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Four Common Information Architecture Mistakes and How to Fix Them


Four Common Information Architecture Mistakes and How to Fix Them

Mar 26, 2014By mStoner Staff

Your visitors only have so much mental bandwidth to try to figure out how to get around your site. Good information architecture (IA) helps to reduce the amount of mental energy visitors expend to find what they are looking for, and allows them to spend that energy exploring and engaging with your content. Poor IA can burn through that same visitor’s mental energy too quickly and frustrate them to the point of leaving your site prematurely.

Four common — and easily fixed — mistakes that we see on websites:

1. Mismatching link labels to their respective destinations. If the link in your navigation  is Student Services and the title of the page that it leads to is Student Assistance, your visitors will question whether they are in the right place. Consistency of labeling leads to visitor confidence that where they are is where they intended to be.

2. Mixing different types of navigation together in one link set. Your Audience (information for), Topical (information about), and Tactical (actions to take) navigation should be clearly distinct from one another and never mixed together. For example, you might have an audience navigation that is a collection like this:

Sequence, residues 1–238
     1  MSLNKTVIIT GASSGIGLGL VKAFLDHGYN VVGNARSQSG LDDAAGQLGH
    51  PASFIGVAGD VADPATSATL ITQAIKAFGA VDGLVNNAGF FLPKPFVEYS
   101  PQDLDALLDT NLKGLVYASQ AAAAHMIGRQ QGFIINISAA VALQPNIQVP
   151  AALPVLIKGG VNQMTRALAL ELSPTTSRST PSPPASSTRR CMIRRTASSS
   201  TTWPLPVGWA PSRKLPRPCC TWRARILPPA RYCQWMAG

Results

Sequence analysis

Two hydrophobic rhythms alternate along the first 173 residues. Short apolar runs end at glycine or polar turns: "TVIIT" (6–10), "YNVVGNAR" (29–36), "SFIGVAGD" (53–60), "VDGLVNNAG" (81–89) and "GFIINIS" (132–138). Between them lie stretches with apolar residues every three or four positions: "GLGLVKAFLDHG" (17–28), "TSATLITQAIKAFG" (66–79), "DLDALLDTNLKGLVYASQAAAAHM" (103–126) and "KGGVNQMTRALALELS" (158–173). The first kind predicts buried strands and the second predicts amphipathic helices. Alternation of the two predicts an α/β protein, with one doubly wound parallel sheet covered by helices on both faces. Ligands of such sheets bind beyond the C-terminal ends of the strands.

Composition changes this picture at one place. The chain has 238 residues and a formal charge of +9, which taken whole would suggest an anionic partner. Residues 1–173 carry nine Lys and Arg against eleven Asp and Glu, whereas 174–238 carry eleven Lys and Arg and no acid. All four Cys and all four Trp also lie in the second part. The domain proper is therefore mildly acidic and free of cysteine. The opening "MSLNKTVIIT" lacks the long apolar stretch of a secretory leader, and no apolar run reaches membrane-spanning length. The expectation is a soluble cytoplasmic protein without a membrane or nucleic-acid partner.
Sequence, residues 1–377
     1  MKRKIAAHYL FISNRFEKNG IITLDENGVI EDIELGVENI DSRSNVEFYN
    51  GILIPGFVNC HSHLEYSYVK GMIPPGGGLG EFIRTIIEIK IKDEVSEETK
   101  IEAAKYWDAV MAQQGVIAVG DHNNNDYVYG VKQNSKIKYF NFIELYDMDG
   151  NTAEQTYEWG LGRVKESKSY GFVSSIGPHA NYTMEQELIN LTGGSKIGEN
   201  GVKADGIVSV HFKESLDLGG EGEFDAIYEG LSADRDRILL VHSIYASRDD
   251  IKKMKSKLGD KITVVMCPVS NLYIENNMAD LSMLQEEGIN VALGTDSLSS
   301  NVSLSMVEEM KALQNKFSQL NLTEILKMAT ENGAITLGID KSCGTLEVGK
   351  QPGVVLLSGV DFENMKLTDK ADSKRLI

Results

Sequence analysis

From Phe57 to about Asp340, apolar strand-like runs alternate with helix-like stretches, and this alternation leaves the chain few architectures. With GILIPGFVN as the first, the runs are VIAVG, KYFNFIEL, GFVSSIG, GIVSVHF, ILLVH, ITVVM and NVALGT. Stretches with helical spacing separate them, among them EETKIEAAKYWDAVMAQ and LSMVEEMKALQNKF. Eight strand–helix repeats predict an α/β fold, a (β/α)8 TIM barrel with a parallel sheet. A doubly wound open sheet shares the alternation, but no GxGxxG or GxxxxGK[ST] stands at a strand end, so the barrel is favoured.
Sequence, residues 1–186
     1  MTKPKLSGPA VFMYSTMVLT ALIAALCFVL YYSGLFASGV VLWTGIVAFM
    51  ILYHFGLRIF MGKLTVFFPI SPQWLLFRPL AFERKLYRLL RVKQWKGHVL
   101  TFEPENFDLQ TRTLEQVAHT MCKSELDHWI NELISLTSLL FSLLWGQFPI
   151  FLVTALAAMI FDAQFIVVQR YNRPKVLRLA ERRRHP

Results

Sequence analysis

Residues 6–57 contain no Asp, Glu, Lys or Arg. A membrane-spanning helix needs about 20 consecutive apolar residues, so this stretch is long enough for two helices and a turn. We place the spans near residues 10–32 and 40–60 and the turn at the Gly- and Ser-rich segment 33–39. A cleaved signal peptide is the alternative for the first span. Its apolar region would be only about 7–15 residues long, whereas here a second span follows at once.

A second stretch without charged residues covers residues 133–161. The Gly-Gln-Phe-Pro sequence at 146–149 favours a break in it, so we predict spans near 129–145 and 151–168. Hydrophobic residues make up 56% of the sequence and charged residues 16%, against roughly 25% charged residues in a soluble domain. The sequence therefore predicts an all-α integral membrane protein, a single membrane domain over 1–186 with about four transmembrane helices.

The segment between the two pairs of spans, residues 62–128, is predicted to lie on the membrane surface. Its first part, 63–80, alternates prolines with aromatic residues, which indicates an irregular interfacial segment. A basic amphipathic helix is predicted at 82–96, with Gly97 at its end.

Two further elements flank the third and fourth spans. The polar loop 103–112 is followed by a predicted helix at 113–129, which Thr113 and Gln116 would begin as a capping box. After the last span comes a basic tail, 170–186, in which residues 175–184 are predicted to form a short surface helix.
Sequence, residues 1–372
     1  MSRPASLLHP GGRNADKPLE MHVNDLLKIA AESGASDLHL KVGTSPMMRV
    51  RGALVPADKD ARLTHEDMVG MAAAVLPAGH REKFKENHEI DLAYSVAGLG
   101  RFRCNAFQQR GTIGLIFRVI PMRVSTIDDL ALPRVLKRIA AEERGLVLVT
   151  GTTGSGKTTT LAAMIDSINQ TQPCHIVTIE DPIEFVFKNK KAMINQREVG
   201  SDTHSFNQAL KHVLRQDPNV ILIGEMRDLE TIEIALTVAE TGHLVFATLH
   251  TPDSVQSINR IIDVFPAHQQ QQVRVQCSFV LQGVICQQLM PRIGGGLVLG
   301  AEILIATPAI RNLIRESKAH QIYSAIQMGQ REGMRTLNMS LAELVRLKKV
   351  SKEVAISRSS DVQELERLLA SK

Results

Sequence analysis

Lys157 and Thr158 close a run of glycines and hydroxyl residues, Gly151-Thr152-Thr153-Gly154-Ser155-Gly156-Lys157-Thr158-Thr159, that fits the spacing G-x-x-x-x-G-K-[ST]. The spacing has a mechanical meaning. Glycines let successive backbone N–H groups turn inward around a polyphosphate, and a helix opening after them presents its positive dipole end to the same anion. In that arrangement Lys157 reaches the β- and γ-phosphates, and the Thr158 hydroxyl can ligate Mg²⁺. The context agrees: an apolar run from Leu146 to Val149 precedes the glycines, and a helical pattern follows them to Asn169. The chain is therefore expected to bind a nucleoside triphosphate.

• Future Students
  • Current Students
  • Faculty/Staff
  • Alumni
  • Visit Campus
  • Mission and Vision

Instead, you should make Visit Campus tactical, and Mission and Vision topical to clean things up and avoid confusion.

3. Missing opportunities to use contextual links. For example, if you are writing about research efforts within a feature story about student achievement, you should link to your research page right in the body copy. Well-implemented contextual links anticipate visitors’ interests, keep them engaged, and allow them to explore the underlying connections between sections of your site that aren’t readily apparent in your navigation structure.

4. Including navigation in page body sections. Navigational elements should never appear within the body copy of a page. If you have pages that commit this crime, it is a sign that you need to revise your overall information architecture structure. Perhaps you don’t need an additional level of hierarchy, or you need to provide copy for the page, or perhaps you don’t need that page at all.

Want to learn a little more?

These improvements are just the tip of the IA iceberg. For a more comprehensive introduction to IA and visitor experience in higher education, check out my webinar from November 2013 that explores best practices in IA in great detail (105+ slides, to be exact!)

Want to learn a LOT More?

If you’re a smarty-pants and want to sink your teeth into more advanced concepts, I’d like to invite you to join me for our upcoming IA webinar series. We’ll cover a lot of territory and explore topics such as taxonomies, fixed vocabularies, multi-device user browsing behavior, iterative IA testing, evolutionary IA documentation, and much more!